North Dakota has all sorts of hidden treasures, perfect for a family vacation. Whether you’re looking for a city experience, a peaceful resort getaway where fishing is king or a western adventure, North Dakota has it all.
Fun in Fargo
The Fargo metro area is a great destination with excellent, affordable lodging; more than 200 restaurants; shopping; unique attractions; and year-round festivals, concerts, theatre and sporting events. Fargo is fun!
The bright red barn at The Children’s Museum at Yunker Farm is just one of the attractions at this learning museum for children in Fargo. The more than 50 hands-on exhibits are designed to engage, educate, stimulate creativity, and encourage interaction between children and the exhibits. From the puppet theater to the planetarium to the bee hive, children can explore their universe. Rated as one of the top 25 children’s museums in the United States by Child magazine.
www.childrensmuseum-yunker.org or (701) 232-6102
Bonanzaville USA is a picturesque restored pioneer village consisting of 40 museums on 15 acres that show life in 1880s Dakota Territory. The area displays an original sod house, country school, country church and log home, and the 1881 home of David H. Houston, inventor of roll-type film used by Eastman-Kodak.
www.bonanzaville.com or (701) 282-2822
Fargo’s Red River Zoo is located on thirty-three acres of land and includes some of the original farm buildings that once occupied this site. The area has since been transformed into a zoo with beautifully landscaped exhibits, rolling hills and a series of five ponds connected by flowing streams. It’s an illusion of the wilderness within the cityscape of Fargo! The zoo features an outstanding living collection, including several endangered species that live and breed in natural exhibits at the zoo. It also features exotic and native animals and plants from areas around the world with climates similar to the Red River Valley. Each month, there are “zooventures,” amazing hands-on animal adventures, educating kids and families about different critters and their habitats.
www.redriverzoo.org or (701) 277-9240
Fish Devils Lake
Located on the shores of Devils Lake, which is ranked among the best fishing lakes in North America for walleye, northern pike, white bass and perch, Woodland Resort is a full-service resort including modern lodging, excellent dining, reliable well-maintained boat rentals, and good advice on where the fish are biting. They have all the amenities for year-round activities, from ice fishing to fishing outings in the summer. The resort offers a variety of lodging and fishing packages for a fun-filled getaway.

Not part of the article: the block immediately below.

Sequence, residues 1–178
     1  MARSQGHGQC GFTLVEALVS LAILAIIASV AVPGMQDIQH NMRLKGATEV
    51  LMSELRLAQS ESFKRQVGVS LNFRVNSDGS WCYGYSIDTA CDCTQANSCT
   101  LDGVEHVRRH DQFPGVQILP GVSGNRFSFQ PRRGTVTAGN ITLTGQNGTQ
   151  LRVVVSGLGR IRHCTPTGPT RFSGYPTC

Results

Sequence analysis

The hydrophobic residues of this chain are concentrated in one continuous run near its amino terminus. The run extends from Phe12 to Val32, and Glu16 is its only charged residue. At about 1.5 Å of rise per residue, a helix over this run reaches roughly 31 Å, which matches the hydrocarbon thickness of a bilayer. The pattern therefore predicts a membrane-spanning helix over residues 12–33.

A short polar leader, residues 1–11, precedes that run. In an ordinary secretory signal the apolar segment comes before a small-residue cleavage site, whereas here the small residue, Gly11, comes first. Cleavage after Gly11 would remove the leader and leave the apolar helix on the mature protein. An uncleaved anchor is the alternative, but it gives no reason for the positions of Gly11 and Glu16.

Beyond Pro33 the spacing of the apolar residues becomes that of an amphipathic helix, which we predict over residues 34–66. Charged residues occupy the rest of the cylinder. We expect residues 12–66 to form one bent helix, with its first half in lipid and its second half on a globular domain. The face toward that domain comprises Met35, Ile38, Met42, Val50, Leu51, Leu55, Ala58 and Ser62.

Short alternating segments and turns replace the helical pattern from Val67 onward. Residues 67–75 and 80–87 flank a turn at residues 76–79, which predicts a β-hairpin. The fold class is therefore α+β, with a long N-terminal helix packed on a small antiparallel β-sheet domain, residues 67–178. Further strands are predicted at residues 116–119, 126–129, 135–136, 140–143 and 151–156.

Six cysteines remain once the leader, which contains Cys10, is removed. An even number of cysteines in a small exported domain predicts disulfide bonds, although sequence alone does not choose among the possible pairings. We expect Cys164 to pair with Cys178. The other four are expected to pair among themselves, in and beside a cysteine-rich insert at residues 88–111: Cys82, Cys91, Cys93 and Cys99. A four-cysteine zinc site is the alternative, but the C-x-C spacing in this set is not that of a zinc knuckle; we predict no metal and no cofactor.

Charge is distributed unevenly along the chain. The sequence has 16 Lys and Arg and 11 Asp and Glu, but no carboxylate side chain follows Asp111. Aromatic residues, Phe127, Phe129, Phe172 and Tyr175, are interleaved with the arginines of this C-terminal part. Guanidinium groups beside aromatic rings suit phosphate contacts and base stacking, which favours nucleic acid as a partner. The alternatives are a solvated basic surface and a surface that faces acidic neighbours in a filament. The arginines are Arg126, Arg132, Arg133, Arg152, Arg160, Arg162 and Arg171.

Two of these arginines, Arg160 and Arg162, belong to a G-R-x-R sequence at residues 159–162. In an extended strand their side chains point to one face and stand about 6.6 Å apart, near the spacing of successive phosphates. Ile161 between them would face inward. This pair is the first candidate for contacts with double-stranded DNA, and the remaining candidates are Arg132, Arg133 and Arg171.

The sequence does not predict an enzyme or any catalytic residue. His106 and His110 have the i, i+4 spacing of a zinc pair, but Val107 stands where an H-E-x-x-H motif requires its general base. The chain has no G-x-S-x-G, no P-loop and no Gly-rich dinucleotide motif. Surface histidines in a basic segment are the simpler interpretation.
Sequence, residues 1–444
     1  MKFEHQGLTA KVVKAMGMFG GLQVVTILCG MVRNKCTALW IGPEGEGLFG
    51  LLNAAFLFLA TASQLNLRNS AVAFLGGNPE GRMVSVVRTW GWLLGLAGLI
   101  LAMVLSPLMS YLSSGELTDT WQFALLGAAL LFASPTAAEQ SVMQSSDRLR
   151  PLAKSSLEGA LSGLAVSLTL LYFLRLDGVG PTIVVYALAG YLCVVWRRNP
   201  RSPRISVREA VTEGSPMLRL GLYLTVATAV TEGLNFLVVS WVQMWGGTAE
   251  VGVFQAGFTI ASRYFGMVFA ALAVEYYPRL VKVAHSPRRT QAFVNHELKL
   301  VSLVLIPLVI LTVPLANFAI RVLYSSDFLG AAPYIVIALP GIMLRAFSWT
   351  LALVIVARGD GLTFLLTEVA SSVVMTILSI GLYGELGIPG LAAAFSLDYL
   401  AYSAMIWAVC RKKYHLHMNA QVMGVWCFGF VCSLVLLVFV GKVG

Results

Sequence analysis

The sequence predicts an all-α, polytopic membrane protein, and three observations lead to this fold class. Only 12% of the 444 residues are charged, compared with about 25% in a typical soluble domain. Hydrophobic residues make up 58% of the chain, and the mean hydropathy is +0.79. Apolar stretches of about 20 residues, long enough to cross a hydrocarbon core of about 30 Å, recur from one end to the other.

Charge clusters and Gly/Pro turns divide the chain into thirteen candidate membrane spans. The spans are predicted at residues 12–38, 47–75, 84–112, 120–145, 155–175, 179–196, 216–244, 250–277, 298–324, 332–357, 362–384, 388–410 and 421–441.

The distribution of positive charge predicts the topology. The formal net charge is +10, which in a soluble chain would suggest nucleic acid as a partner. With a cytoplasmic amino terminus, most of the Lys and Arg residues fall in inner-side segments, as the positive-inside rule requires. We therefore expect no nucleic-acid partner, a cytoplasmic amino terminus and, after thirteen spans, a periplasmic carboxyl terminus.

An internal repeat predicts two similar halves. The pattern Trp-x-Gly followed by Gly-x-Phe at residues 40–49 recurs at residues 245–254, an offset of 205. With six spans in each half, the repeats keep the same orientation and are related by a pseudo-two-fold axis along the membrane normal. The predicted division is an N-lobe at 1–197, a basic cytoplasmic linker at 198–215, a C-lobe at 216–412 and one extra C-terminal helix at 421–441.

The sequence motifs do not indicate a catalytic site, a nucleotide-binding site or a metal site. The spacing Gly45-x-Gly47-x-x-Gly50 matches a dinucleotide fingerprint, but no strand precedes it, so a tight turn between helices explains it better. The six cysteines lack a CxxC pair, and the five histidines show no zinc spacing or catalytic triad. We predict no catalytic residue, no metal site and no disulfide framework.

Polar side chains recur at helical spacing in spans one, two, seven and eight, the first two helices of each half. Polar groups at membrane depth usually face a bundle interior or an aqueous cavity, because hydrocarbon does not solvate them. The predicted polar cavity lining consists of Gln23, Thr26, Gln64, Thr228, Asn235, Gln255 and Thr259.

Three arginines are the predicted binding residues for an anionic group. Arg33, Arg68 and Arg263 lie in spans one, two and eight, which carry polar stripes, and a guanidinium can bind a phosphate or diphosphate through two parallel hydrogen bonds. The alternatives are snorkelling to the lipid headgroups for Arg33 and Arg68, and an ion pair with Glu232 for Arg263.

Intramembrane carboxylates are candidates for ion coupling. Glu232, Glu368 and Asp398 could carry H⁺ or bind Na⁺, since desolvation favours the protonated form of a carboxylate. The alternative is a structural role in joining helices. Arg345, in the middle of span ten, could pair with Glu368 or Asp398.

www.woodlandresort.com or (701) 662-5996
For families who enjoy a more rugged adventure, where you can get your hands dirty, experience cowboy life and see things larger than life, the western part of North Dakota is where it’s at.
The Dickinson Museum Center features 11 full-scale dinosaurs including a real skeleton of a Triceratops. Visitors can also view a complete Triceratops skull in the museum’s model lab, and many of the real specimens have been collected from the Dickinson area. The museum features an outstanding collection of minerals from around the world. Other exhibits include fluorescent minerals, invertebrate and vertebrate fossils, mammals including a bison and a rhinoceros bone-bed, and modern seashells and sealife. Kids will enjoy the museum scavenger hunts and tours.
http://dickinsonmuseumcenter.com/ or (701) 456-6225
The Enchanted Highway (Exit 74 from Interstate 94, east of Dickinson and south of Gladstone) is populated with amazingly large metal sculptures of a family, grasshoppers, pheasants and more. The “folk art” figures are spaced along a stretch of highway from the I-94 south to Regent, which also is home to the Enchanted Highway gift shop featuring miniatures of each statue. Watch for the sculpture of giant geese flying over a setting sun on I-94 at the Gladstone exit.
The North Dakota Badlands provide a spectacular backdrop for the frontier town of Medora. The wild history of the West lives on in historic Medora, located adjacent to the south unit of the national park. Founded by a French aristocrat, Medora boasts a 26-room chateau overlooking a walkable town of shops, cafes, museums and an outdoor amphitheater with evening performances of the Medora Musical. The musical is staged in the modern Burning Hills Amphitheater. Set into a canyon, the amphitheater offers a spectacular view of the Badlands. Drawing over 100,000 people, the musical is North Dakota’s biggest summer event.
Theodore Roosevelt National Park, adjacent to Medora, has great opportunities for take-your-breath-away horseback riding, hiking, biking and scenic viewing. The 70,000-acre park and its rugged topography honor Theodore Roosevelt, who ranched in the Badlands and later established the national park system. The park offers outstanding wildlife viewing: bison, deer, antelope, coyote, prairie dogs, wild horses and bald eagles are a few of the many species that make this park home.
Whether you are interested in a horseback trail ride, a good old-fashioned cattle branding, or hearing the coyotes howl while you sit in a hot tub, North Dakota offers ranch vacations that fit the bill. North Dakota working ranch vacations offer panoramic scenery and real-life ranch experiences. Stay in a hand-built log cabin nestled in a ponderosa pine forest on top of Badlands buttes or in upscale western lodges. Join a cattle drive or roundup and finish the day with a chuck wagon dinner around the campfire. The western part of the state offers an assortment of working ranch vacations where you can work as much, or as little, as you like.
This post submitted by Kim Schmidt, Public and Media Relations Director with North Dakota Tourism. For more ideas on planning your own North Dakota Road trip visit http://www.ndtourism.com/